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babie_mo_ko16
babie_mo_ko16 • Sep 3, 2008

Anthraquinone Dye

We are having this undergraduate research about effective extraction of natural anthraquinone dye from a Noni tree bark. We tried using the traditional leaching process for starters using solvents like methanol and acetone. We started doing some experiments. We dried the tree bark and milled it. We leached the powder for a few hours (say 3). Then we did a simple distillation process to purify and extract the dissolved dye.

The problem is that after leaching for 3 hours, the solution is still the same. We expected that the milled bark would be dissolved once the solvent is placed and being leached. But it appears that it did not. We used a 1:4 ratio of bark:solvent, and the solvent is diluted having it 50% solvent and 50% water. The solution formed was viscous(something like mud). We are at loss because it was not we expected. We expected to form a solution in which the solvent would fully dissolve the milled bark.

I think there is something wrong with our ratio, but then we do not have enough literature in this. I could use some help, especially those who have experience in this field... 😕
Dr R.T.Jadhav
Dr R.T.Jadhav • Feb 1, 2009
babie_mo_ko16
We are having this undergraduate research about effective extraction of natural anthraquinone dye from a Noni tree bark. We tried using the traditional leaching process for starters using solvents like methanol and acetone. We started doing some experiments. We dried the tree bark and milled it. We leached the powder for a few hours (say 3). Then we did a simple distillation process to purify and extract the dissolved dye.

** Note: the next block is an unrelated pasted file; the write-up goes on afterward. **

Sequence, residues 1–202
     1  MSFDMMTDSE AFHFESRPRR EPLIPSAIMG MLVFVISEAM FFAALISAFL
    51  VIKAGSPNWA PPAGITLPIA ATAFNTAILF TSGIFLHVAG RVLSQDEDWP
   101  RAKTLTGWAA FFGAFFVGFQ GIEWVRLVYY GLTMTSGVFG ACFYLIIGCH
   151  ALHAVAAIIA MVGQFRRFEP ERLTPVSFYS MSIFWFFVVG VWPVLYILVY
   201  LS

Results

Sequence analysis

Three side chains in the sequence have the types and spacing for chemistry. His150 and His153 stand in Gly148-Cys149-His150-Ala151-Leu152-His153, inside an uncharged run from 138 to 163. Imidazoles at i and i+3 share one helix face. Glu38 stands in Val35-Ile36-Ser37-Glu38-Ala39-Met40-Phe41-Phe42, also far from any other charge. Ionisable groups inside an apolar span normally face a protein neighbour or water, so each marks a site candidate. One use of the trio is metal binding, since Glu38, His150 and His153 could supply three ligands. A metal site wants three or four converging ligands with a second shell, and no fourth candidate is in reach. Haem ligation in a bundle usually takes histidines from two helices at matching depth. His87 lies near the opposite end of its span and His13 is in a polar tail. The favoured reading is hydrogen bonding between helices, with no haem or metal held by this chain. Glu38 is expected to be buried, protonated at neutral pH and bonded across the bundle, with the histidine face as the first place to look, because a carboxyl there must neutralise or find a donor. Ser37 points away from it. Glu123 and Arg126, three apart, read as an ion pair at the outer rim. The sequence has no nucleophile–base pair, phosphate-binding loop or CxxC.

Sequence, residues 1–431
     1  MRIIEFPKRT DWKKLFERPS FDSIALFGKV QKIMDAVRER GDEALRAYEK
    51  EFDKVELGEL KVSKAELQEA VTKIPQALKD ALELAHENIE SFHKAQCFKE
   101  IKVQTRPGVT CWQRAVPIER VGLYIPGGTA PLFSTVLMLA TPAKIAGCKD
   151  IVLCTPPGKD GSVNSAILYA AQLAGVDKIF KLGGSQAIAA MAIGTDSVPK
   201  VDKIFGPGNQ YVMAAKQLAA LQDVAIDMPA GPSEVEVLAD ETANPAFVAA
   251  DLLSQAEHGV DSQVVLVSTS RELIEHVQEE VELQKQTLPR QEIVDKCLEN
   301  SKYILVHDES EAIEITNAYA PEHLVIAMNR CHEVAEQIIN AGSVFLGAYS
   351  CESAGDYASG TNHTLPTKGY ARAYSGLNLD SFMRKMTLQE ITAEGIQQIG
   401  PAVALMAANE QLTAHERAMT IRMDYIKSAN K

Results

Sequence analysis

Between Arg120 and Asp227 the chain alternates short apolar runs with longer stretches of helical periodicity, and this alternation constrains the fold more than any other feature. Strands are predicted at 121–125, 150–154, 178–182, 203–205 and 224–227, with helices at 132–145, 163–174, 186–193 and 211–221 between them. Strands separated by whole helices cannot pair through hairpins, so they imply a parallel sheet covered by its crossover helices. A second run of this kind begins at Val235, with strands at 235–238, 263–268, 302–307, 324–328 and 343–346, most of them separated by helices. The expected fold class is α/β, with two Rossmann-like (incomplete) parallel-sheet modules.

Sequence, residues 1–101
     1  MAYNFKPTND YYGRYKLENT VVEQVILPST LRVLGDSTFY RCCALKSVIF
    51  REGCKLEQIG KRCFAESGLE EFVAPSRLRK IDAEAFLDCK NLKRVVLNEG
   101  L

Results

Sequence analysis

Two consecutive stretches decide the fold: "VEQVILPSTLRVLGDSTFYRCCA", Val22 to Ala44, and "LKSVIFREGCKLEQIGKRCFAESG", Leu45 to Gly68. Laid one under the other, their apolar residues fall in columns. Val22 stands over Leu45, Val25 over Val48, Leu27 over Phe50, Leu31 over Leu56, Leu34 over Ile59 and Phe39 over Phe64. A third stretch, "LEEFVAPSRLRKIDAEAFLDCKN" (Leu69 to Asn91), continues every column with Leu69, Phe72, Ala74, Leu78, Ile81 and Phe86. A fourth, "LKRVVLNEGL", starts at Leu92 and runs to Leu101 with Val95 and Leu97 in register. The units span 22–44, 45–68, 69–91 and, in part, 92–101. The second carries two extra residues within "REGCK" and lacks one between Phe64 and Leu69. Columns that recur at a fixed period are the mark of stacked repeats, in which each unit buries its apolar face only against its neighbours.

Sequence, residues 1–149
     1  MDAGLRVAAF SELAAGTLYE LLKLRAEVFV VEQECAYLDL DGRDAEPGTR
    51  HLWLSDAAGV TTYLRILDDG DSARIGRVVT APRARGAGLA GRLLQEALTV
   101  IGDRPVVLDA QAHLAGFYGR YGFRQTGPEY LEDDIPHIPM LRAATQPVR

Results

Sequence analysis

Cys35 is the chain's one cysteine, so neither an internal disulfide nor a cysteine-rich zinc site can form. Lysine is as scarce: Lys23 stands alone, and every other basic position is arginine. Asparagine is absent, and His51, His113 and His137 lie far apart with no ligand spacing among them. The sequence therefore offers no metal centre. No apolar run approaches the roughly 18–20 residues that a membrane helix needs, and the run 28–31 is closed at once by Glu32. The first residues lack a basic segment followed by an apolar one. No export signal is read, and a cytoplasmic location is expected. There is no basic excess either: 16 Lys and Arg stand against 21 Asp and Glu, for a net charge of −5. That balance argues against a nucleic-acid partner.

The problem is that after leaching for 3 hours, the solution is still the same. We expected that the milled bark would be dissolved once the solvent is placed and being leached. But it appears that it did not. We used a 1:4 ratio of bark:solvent, and the solvent is diluted having it 50% solvent and 50% water. The solution formed was viscous(something like mud). We are at loss because it was not we expected. We expected to form a solution in which the solvent would fully dissolve the milled bark.

I think there is something wrong with our ratio, but then we do not have enough literature in this. I could use some help, especially those who have experience in this field... 😕
The Methanol or Acetone has extracted the dye. The problem is it has dissolved other ingredients also from the Bark. Further problem is you are adding water (50%) during or after the extraction. Water is much more miscible in the acetone/methanol and consequently, the dissolved material in the solution seperates out and becomes like mud. The very fact that you are drying the bark before subjecting it to extraction clearly indicates that the process should be carried out in anhydrous conditions.

You should, therefore, carry out the removal of the solvent by distillation on a steam/water bath. You may get a sticky product, which if you triturate several times with small quantities of Petroleum ether may yield a solid product. This of course, shall be a mixture of several compounds which you may then subject to separation by various techniques such as coloumn chromatography to get the pure dye.

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